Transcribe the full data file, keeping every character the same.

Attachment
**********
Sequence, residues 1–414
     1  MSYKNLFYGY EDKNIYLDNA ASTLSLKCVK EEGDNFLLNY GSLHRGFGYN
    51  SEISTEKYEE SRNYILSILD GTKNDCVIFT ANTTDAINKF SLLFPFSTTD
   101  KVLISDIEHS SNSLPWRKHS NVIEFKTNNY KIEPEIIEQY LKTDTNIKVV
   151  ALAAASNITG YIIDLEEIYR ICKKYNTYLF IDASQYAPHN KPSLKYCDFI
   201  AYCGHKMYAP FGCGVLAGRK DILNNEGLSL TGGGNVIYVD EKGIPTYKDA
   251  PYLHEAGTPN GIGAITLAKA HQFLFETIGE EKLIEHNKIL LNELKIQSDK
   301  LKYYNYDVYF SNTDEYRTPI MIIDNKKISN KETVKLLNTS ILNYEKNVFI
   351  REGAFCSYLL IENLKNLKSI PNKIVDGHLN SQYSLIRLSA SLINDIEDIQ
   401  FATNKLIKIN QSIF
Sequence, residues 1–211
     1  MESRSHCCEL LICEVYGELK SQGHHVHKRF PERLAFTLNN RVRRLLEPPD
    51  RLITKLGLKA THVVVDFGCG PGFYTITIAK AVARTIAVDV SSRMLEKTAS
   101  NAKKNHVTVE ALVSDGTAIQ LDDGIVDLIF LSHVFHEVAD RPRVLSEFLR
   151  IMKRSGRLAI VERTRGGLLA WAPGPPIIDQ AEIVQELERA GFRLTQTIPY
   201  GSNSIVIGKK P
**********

Sequence, residues 1–414
     1  MSYKNLFYGY EDKNIYLDNA ASTLSLKCVK EEGDNFLLNY GSLHRGFGYN
    51  SEISTEKYEE SRNYILSILD GTKNDCVIFT ANTTDAINKF SLLFPFSTTD
   101  KVLISDIEHS SNSLPWRKHS NVIEFKTNNY KIEPEIIEQY LKTDTNIKVV
   151  ALAAASNITG YIIDLEEIYR ICKKYNTYLF IDASQYAPHN KPSLKYCDFI
   201  AYCGHKMYAP FGCGVLAGRK DILNNEGLSL TGGGNVIYVD EKGIPTYKDA
   251  PYLHEAGTPN GIGAITLAKA HQFLFETIGE EKLIEHNKIL LNELKIQSDK
   301  LKYYNYDVYF SNTDEYRTPI MIIDNKKISN KETVKLLNTS ILNYEKNVFI
   351  REGAFCSYLL IENLKNLKSI PNKIVDGHLN SQYSLIRLSA SLINDIEDIQ
   401  FATNKLIKIN QSIF
Sequence, residues 1–211
     1  MESRSHCCEL LICEVYGELK SQGHHVHKRF PERLAFTLNN RVRRLLEPPD
    51  RLITKLGLKA THVVVDFGCG PGFYTITIAK AVARTIAVDV SSRMLEKTAS
   101  NAKKNHVTVE ALVSDGTAIQ LDDGIVDLIF LSHVFHEVAD RPRVLSEFLR
   151  IMKRSGRLAI VERTRGGLLA WAPGPPIIDQ AEIVQELERA GFRLTQTIPY
   201  GSNSIVIGKK P